And finally, after what felt like weeks of doing nothing else but this (which isn’t even remotely true, let me reassure you!), I’ve got the bag finished. All of the aida is covered, even the white clouds. But there are no loose threads on the back, and if I have doubts about some details, I’m not about to undo them now. It’s taken nearly thirty years to get this far!

On to happier things: Episode 34 of #SlowTVStitchery is now live! In which the final corner is finished, and inklings of new ideas arise…

A little box to embellish

Found A Box
Found A Box

I can’t remember where I got this little box – probably eBay – but it was so long ago, I don’t remember what I had in mind, if anything. It’s about five inches by two inches.

I found it again, and decided it was about time I came up with something to do with it.

Starting Point
Starting Point

This is a bit of carved stonework I photographed in Lisbon. I should warn you that the finished piece is probably going to be really very unlike this inspiration, because, if you look at the rough ideas below, you will see it is already wandering. And when I started thinking about it, it was going to be surface embroidery, and now I’m thinking about silk purl and wire purl.

I think the ribbon things are going to change somewhat as well, although I’m not sure quite how..

In other news, Episode 33 of Slow TV Stitchery is now live, in which the penultimate corner is completed, and the contents of Autumn’s book stash is discussed.

Resurrecting an old idea

"Coalbrookdale By Night" by Philip James de Loutherberg. Copyright The Science Museum
“Coalbrookdale By Night” by
Philip James de Loutherberg.
Copyright The Science Museum

These designs were an idea from years ago, submitted to the Ironbridge Gorge Museum as a possible kit for sale in their shop. Hence the multiple colour schemes – although the orange one is inspired by that famous painting of Coalbrookdale by Night, by Philip James de Loutherberg. The Museum didn’t go for the idea, which is possibly a mercy, as I’ve had a thought since then.

I think it might look altogether more interesting if, instead of reflecting one side of the bridge around the compass to create the corners of a square, I use just one side to make a quadrant design.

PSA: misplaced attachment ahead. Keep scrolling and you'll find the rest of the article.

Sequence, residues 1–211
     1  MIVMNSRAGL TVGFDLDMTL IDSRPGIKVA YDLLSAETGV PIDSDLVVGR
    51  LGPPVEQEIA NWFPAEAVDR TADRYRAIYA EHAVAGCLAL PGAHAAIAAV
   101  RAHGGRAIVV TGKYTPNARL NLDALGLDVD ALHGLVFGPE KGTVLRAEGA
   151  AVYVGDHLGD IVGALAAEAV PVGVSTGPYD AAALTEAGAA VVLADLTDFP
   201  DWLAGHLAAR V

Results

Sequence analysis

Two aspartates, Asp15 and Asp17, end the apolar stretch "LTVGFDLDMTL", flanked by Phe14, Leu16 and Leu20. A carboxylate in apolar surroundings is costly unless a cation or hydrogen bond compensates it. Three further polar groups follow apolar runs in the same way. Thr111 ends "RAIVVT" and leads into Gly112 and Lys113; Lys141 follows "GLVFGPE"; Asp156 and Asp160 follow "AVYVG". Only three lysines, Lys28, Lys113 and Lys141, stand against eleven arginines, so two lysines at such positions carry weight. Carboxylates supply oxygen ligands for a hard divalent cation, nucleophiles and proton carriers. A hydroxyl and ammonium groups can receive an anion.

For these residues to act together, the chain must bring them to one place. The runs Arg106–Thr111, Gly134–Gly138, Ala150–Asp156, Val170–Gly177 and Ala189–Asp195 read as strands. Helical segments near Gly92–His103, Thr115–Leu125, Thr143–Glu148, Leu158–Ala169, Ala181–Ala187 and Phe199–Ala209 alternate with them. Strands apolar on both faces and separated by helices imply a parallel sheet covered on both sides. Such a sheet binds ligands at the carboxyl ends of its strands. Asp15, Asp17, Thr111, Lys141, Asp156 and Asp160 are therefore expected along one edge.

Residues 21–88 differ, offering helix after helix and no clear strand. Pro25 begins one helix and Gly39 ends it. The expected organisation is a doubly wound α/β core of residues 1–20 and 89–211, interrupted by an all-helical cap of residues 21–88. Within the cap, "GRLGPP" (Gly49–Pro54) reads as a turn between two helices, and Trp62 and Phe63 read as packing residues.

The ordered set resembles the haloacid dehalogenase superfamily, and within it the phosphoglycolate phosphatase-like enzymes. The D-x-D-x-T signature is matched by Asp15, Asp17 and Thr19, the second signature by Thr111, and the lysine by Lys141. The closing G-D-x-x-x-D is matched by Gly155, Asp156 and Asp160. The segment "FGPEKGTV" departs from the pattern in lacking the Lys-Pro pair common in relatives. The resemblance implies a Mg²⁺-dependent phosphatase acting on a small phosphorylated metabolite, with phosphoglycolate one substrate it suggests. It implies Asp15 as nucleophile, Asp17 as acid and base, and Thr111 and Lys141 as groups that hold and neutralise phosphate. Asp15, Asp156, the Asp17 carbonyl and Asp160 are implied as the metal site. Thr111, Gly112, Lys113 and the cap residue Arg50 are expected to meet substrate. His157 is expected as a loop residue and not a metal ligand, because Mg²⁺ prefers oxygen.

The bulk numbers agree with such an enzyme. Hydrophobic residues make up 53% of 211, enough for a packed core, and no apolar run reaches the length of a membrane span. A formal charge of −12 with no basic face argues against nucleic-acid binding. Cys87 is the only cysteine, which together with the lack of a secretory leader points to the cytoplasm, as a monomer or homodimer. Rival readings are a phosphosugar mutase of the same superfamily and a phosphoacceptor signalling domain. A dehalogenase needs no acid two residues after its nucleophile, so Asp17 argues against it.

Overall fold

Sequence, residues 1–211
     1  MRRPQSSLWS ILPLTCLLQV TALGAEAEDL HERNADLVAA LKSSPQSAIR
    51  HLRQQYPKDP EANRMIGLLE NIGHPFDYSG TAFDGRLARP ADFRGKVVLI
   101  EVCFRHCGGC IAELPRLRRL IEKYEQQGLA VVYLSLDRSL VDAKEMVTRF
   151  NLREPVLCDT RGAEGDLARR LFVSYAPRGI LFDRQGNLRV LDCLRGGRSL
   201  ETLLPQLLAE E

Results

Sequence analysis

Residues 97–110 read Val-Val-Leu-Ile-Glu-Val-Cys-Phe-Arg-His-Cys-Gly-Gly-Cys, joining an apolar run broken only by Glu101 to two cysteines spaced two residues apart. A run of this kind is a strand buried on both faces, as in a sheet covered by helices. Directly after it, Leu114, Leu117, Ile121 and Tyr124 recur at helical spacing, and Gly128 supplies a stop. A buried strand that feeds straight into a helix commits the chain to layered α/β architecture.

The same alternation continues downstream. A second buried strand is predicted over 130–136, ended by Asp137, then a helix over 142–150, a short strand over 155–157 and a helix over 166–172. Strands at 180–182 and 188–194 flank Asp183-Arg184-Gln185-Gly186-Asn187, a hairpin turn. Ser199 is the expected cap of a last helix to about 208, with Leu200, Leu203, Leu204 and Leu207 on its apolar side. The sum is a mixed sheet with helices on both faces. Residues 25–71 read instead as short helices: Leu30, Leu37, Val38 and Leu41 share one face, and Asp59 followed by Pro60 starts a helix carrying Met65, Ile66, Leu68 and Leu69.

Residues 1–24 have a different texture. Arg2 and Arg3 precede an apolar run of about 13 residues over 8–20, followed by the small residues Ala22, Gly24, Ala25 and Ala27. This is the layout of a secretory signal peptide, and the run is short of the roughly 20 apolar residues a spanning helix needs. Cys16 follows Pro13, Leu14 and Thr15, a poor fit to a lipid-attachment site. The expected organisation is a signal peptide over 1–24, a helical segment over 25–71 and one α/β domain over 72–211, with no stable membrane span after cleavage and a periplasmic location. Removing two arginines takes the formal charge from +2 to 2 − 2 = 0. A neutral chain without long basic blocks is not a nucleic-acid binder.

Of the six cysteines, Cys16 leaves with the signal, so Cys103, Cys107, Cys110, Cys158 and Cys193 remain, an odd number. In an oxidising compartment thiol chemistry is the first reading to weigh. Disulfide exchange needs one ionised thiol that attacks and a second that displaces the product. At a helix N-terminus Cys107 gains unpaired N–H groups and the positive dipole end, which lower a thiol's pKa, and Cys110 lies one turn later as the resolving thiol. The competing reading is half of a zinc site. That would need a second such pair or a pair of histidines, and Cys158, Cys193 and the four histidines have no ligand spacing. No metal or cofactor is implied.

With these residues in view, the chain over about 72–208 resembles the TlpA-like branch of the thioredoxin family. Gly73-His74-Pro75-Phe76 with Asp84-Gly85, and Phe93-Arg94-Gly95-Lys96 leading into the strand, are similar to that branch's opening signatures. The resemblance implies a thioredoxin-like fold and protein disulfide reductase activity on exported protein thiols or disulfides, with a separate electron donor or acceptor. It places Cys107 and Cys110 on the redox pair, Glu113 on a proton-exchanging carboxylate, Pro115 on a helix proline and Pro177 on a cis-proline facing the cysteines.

My further thought is that, rather than using all tent stitch (as I suspect I would have suggested for a kit), I should maybe use a square canvaswork stitch throughout (maybe mosaic stitch, or cushion stitch) and maybe create a smoother gradiant of colour using several strands of thread in the needle.

However, when I went rummaging for the leftover length of antique cotton canvas I was sure I had left over from a previous project, it wasn’t there. So there is going to be something of a pause, while I work out how much I need, and find somewhere I can order it from.

But in the meantime, Episode 32 of SlowTVStitchery is up, in which details and the upholstery of a stele are considered, and the anouncement is made that Slow TV will continue.

Another UFO

I’ve been finding long-hidden projects again.

This one is a cotton fabric bag with a strip of aida inserted in one side, which I think was a subscribers’ gift for Needlecraft magazine, some time in the distant past. In DevaStitch Designs days, I created a range inspired by the Bizarreware of Clarice Cliff (with the approval of Wedgwood, the rights holders), and I suspect that my original idea for the design was to add it to the range.

And then something happened and the bag disappeared into a box for what feels like centuries. I’ve found it again, and this time I am determined to finish the wretched thing, and start using it.